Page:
|LETTERS TO EDITOR
|Year : 2018 | Volume
| Issue : 7 | Page : 565-566
In the plane, but not in plane: Mind the gap in the transversus abdominis plane
Bikram Kishore Behera, Satyajeet Misra
Department of Anaesthesiology, All India Institute of Medical Sciences, Bhubaneswar, Odisha, India
|Date of Web Publication||11-Jul-2018|
Dr. Satyajeet Misra
Department of Anaesthesiology, All India Institute of Medical Sciences, Bhubaneswar, Odisha
Source of Support: None, Conflict of Interest: None
|How to cite this article:|
Behera BK, Misra S. In the plane, but not in plane: Mind the gap in the transversus abdominis plane. Indian J Anaesth 2018;62:565-6
Ultrasound-guided nerve blocks are widely accepted as the standard of care in the provision of post-operative pain relief as they allow for needle visualisation during the entire procedure and minimise the risk of complications. In resource-limited countries, stylets of intravenous (IV) cannulae are commonly used as they are 1/10–1/15th the cost of ultrasound needles and yet adequately reflect ultrasound so as to allow stylet visualisation during the performance of the block.
Some IV cannula manufacturers provide an additional hole in the body of the stylet, just proximal to the distal opening so as to allow for quick flash of blood in the catheter allowing for its earlier detection in the vein. We wish to highlight the fallacy of using such stylets for ultrasound-guided nerve blocks. A 9-year-old boy was posted for elective laparoscopic splenectomy under general anaesthesia. Transversus abdominis plane (TAP) block was planned for post-operative analgesia in this patient under ultrasound guidance.
After induction of anaesthesia, under sterile precautions, the TAP plane was identified with the vascular probe (HFL 38x/13-6 MHz) of SonoSite ultrasound machine (Fujifilm SonoSite Inc., Bothell, WA, USA). The stylet of a 20 G IV cannula (Polyflon™, Polymed medical devices, India; website-www.polymedicure.com) was used for performing the block. The tip of the stylet was clearly identified in the TAP plane [Figure 1]a. However, when the local anaesthetic drug was administered, it was found to be dispersing into the muscle plane [Figure 1]b and [Video 1]. On withdrawal and inspection, it was found that the stylet was provided with an additional proximal hole for quick flash technology and though the stylet tip was in the correct plane, the drug was eluting through this proximal hole [Figure 1]c. The TAP block was then re-attempted with a standard IV cannula stylet, and this time, the local anaesthetic drug was correctly delivered in the plane [Figure 1]d and [Video 2].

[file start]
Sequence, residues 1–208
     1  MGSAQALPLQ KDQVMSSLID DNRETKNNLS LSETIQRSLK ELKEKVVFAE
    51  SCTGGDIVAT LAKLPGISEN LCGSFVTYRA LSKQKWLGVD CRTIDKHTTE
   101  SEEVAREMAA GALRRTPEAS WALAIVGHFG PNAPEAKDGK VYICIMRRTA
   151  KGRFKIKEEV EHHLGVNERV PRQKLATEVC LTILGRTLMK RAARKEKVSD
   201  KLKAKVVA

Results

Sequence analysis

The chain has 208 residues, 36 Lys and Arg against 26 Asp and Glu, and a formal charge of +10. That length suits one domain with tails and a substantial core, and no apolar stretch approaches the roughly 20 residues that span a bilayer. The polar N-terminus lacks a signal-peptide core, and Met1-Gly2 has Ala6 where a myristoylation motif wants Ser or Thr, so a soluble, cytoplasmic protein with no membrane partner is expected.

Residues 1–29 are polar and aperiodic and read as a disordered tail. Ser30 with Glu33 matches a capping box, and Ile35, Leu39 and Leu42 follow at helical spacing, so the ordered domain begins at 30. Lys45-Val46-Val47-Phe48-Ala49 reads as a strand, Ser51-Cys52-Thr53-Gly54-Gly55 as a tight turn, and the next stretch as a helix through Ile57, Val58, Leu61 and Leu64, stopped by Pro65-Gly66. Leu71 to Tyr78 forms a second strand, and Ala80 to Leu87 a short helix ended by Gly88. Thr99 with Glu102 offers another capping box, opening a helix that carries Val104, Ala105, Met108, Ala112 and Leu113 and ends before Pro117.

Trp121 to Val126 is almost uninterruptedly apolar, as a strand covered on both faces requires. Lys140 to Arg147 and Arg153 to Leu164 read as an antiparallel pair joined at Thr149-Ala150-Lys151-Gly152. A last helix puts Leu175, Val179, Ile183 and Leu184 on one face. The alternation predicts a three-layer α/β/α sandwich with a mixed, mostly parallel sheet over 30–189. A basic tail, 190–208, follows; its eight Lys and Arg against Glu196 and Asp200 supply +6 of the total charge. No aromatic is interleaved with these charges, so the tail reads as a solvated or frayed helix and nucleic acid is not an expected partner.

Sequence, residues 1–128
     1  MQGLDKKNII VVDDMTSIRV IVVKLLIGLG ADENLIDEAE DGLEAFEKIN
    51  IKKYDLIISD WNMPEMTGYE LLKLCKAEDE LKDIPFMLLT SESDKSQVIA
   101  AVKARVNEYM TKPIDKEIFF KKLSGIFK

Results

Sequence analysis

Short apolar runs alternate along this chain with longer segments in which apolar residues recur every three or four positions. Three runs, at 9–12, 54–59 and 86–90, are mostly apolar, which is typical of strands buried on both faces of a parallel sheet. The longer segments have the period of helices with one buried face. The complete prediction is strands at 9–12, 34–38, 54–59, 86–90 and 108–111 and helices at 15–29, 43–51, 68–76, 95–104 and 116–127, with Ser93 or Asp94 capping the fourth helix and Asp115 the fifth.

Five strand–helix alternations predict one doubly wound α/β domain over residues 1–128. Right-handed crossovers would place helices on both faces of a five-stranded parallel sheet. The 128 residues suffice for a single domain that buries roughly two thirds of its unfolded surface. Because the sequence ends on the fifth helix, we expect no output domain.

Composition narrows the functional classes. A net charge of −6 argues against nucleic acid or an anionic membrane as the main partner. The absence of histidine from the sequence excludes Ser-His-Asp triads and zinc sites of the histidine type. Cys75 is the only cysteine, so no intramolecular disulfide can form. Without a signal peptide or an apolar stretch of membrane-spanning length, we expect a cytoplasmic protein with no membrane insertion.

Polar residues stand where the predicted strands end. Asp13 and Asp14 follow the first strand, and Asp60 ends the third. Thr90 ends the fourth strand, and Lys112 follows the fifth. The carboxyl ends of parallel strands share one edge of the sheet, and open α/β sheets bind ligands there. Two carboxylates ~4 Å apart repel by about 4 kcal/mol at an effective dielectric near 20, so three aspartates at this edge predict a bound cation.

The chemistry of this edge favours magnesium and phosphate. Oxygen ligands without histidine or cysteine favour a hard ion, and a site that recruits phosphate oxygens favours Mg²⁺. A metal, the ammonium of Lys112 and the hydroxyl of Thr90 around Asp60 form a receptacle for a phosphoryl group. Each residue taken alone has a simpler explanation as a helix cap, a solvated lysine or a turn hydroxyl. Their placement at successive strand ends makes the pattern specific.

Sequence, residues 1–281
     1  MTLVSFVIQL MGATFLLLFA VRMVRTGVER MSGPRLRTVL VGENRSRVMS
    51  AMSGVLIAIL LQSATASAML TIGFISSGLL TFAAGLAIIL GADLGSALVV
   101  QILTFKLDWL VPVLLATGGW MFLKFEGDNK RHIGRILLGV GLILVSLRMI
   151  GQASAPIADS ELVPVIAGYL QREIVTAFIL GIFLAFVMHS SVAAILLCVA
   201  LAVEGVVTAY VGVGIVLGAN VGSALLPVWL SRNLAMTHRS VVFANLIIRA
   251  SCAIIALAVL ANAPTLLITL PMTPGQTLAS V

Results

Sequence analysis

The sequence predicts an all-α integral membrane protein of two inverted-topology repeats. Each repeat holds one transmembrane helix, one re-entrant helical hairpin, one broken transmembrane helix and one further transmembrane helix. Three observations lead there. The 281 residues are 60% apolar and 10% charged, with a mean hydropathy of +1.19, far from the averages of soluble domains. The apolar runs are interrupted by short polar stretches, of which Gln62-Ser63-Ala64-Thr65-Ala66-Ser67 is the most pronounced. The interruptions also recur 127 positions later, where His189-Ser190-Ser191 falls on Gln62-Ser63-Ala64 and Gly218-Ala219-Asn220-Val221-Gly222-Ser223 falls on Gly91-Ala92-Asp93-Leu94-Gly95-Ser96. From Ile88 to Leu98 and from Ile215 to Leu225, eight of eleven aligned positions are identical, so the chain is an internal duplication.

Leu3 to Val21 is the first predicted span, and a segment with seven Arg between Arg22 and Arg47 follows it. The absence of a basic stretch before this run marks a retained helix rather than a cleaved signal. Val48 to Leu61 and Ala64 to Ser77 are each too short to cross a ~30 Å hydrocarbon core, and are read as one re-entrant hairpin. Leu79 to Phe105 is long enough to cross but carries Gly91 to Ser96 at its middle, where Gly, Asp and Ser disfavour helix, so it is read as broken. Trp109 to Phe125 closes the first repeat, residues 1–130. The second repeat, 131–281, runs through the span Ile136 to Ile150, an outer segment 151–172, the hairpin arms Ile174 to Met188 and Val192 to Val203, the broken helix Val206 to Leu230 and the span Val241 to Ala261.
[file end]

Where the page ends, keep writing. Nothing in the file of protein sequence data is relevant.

|Figure 1: (a) The tip of the stylet is seen indenting the TAP plane (arrow). (b) Although the stylet tip indents the TAP plane, drug deposition is observed proximal to the tip (arrow head) and occurs in the internal oblique muscle plane. (c) Withdrawal and inspection of the stylet reveals a proximal hole in the body of the stylet (black arrow). (d) Use of a standard IV cannula stylet without proximal hole results in correct drug deposition in the TAP plane leading to separation of the plane (arrows) and the stylet is also visualised (arrow head). TAP – Transversus abdominis plane, IV – Intravenous|
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This case highlights the importance of pre-checking stylets, spinal needles or long hypodermic needles that may be used for performing ultrasound-guided nerve blocks by simply flushing these hypodermic needles with saline.
Consent for reporting this observation was obtained from the parents of the patient.
Declaration of patient consent
The authors certify that they have obtained all appropriate patient consent forms. In the form, the legal guardian has given his consent for images and other clinical information to be reported in the journal. The guardian understands that names and initials will not be published and due efforts will be made to conceal patient identity, but anonymity cannot be guaranteed.
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Conflicts of interest
There are no conflicts of interest.
| References|| |
Hopkins PM. Ultrasound guidance as a gold standard in regional anaesthesia. Br J Anaesth 2007;98:299-301.